Any parent who has been up all night with a child who is tearful, ill and distressed knows how exhausting caregiving can be. But what happens when caregiving never ends? What happens when a child is fragile, brain damaged, attached to feeding tubes, unable to recognize anyone and has a short life expectancy? What is the impact on families?
Robert Policastro of Smithtown know. His daughter Angela was severely brain damaged as a result of a “medical accident” that deprived her of oxygen at birth. When she died in October 1990, he was determined that no other parent would have to suffer what he and his wife Angie had to confront: a gap in the health care system for disabled, sick children whose parents are not equipped to care for them at home.
They had spent the six months after Angela’s birth at her hospital bedside only to discover that, when she came home, the severity of her brain damage made it too difficult for them to care for her, especially since they had another older child. Policastro believes that everyone has “individual limitations,” and “the most god-awful decision to make in your life” is to realize that a child is too ill be to taken care of in the family home. He also believes that the burden of care seems to fall inevitably on mothers, and the fact that most residential care facilities are no closer than a two-or three-hour drive upstate or out of state. The Policastros found that the most appropriate full-time care facility for Angela was in Connecticut, and once a week they made a three-hour journey to see their daughter. On one ill-fated trip prompted by a sudden and unexpected worsening of Angela’s health, their car broke down in a rainstorm. By the time they arrived, Angela had died.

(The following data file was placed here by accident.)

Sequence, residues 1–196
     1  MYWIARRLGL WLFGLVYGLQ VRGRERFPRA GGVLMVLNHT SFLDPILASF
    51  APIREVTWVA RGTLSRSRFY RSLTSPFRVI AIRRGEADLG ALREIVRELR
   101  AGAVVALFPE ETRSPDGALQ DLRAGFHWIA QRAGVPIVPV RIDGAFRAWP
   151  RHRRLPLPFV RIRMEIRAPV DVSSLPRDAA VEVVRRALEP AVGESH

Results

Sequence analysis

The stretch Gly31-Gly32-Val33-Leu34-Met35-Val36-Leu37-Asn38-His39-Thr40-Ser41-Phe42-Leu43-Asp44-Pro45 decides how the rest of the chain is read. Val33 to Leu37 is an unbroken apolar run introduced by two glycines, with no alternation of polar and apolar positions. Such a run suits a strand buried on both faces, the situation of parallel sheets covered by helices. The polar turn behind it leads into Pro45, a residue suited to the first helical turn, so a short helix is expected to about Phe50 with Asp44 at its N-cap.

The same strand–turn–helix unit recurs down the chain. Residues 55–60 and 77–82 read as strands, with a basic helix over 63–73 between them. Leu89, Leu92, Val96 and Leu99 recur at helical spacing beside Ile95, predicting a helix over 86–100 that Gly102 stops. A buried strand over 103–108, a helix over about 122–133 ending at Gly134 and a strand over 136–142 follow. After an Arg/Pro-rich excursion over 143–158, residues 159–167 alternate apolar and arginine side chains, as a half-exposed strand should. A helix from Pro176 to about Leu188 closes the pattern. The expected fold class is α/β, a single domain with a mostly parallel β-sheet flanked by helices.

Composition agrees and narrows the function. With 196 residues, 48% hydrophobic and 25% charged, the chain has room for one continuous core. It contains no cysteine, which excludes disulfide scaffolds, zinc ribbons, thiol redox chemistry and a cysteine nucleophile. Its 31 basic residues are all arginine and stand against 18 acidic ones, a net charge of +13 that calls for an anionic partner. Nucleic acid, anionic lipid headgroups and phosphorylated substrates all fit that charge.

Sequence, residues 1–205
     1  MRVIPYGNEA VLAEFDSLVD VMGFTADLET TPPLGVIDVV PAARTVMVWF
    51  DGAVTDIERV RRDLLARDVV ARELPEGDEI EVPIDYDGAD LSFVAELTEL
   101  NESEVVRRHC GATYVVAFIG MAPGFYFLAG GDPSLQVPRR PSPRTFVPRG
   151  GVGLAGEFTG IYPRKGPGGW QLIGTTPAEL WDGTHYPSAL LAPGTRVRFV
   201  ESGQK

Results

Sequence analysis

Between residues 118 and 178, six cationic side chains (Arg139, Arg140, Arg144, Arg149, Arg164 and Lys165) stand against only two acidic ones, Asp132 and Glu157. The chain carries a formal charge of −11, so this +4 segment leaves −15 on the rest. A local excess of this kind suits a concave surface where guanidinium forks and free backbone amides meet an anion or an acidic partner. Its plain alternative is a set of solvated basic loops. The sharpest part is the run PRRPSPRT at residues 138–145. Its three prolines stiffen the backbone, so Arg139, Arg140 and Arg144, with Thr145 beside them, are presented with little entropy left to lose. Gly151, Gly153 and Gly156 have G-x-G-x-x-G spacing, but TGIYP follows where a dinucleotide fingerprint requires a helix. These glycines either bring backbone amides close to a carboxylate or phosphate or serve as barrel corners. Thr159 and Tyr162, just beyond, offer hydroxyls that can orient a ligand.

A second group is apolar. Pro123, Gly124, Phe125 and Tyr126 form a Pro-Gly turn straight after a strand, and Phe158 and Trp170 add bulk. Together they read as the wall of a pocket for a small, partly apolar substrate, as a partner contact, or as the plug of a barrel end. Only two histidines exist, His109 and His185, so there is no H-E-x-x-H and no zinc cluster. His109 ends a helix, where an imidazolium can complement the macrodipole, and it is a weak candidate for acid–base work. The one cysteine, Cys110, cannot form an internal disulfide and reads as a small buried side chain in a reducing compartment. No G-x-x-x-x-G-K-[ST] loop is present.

Propelled by grief, the Policastros sought funding to establish a residential community for medically-frail and technology-dependent children on Long Island, one that would be easier for families to reach. To that end they enlisted the help of assemblyman Harvey Weisenberg (D, Long Beach), who is himself the father of a severely disabled 41-year-old son, and Independent Group Home Living (IGHL), based in East Moriches. With Weisenberg’s aid, $500,000 of the $66 billion state budget was earmarked for Long Island’s first group residential house for children like Angela. In late September, almost nine years to the day of Angela’s death, IGHL held a groundbreaking ceremony for this unique care facility located on Montauk Highway in East Moriches. When completed, the facility named in Angela’s honor will provide seven children between the ages of three and eight with 24-hour nursing care and seven families with respite and support.
Reaching out for solace and support, Policastro and his wife found none. Many people might have retreated to a bitter private grief, but they established Angela’s House so that parents could provide each other with advice and sometimes financial relief if reimbursement from insurance companies was delayed. (The main telephone number is 979-2620). Policastro, an unusually soft-spoken and thoughtful man, also organized conferences for parents of severely disabled children and for social workers who become a vital part of family life. He remarked that he and his wife feel “blessed” by the four children they now have but feels, too, that children like Angela are part of what he calls “silent population.” Through his efforts, he hopes to give such children the voice he believes they deserve.